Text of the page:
In commonhold land, the usual content of the ownership right is limited in the extent that the exercise of that right may not affect the others commonholders nor prejudice the common parts. SC 23-07-2004 and 23-02-2005

 

7.1.2 On private parts

 

To what extent the owner could use his or her ownership right to modify private parts is tricky question, as a general rule, it is admitted that the private area inside his property is actually where a commonholder is free to modify, without prejudice of the limits established in the first subsection of this section.

 

Regarding the notice which must be given to the commonhold’s representative, the OC may not stop the works on the sole ground of lack of it. This notice should be distinguished from permission. There is no specific sanction or consequence in the Act for breach of this duty. The aim of that notice is only to inform the rest of the owners about the prospective nuisance they may suffer as a consequence of the building works.

 

In this section ‘general structure’ means bearings walls and floor structure. ‘external image or condition’ refers to everything regarding facades or even canopies. Although windows, balconies and terraces are not strictly common parts, it is not allowed to modify them if, as a result of that modification the façades are altered in their configurations.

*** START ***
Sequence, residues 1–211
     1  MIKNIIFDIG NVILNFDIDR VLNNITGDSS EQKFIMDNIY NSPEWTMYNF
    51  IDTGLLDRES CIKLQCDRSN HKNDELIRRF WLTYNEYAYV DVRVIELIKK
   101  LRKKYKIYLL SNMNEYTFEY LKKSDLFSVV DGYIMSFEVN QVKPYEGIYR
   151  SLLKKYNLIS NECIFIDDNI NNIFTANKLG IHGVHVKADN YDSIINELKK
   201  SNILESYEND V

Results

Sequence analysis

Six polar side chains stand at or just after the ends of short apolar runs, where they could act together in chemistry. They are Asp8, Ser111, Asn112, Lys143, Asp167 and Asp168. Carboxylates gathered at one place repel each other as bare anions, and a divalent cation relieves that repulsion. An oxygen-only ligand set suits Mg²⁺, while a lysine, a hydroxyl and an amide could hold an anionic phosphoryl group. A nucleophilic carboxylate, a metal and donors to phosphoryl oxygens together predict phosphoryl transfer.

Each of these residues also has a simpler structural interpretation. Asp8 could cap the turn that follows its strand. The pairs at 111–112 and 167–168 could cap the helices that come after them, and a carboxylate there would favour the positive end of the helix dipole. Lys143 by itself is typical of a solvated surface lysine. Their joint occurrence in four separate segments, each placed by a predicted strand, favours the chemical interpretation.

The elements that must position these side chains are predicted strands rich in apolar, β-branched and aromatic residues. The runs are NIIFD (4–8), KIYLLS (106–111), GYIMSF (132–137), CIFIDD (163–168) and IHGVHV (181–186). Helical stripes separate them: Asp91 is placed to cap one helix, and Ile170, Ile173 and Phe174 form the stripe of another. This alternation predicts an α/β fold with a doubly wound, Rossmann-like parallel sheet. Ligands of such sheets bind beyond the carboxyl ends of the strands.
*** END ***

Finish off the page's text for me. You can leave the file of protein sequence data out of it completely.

Thus, in principle no visible changes to the building’s exteriors are permitted. However, image is a matter of aesthetic judgement which varies with individuals and is not measurable. Decisions which affect any common part are entrusted to the OC. They cannot be left to, or dictated by, the decision of an individual commonholder with respect to his own unit. The result would be chaos. It is for the OC to decide whether there will be uniformity in the external appearance of the building, either total or in particular respects

Limits established in this section will not operate where a commonholder obtains unanimous consent from the OC. Obviously, the rest of commonholders will not authorised works which are detrimental to the commonhold.

 

As it was held by the CA ruling in Madrid 04-01-2006 it is irrelevant whether those works are of benefit or not to the commonhold, or who assumes the cost. It may occur that affected unit-holders consent for whatever reason, despite the possible prejudice caused. In that case the Committee is not entitled to prohibit those works unless they ‘diminish or alter the safety of the estate, its general structure, its external image or condition.’

 

7.1.2.1 Special reference to glazing private terraces or balconies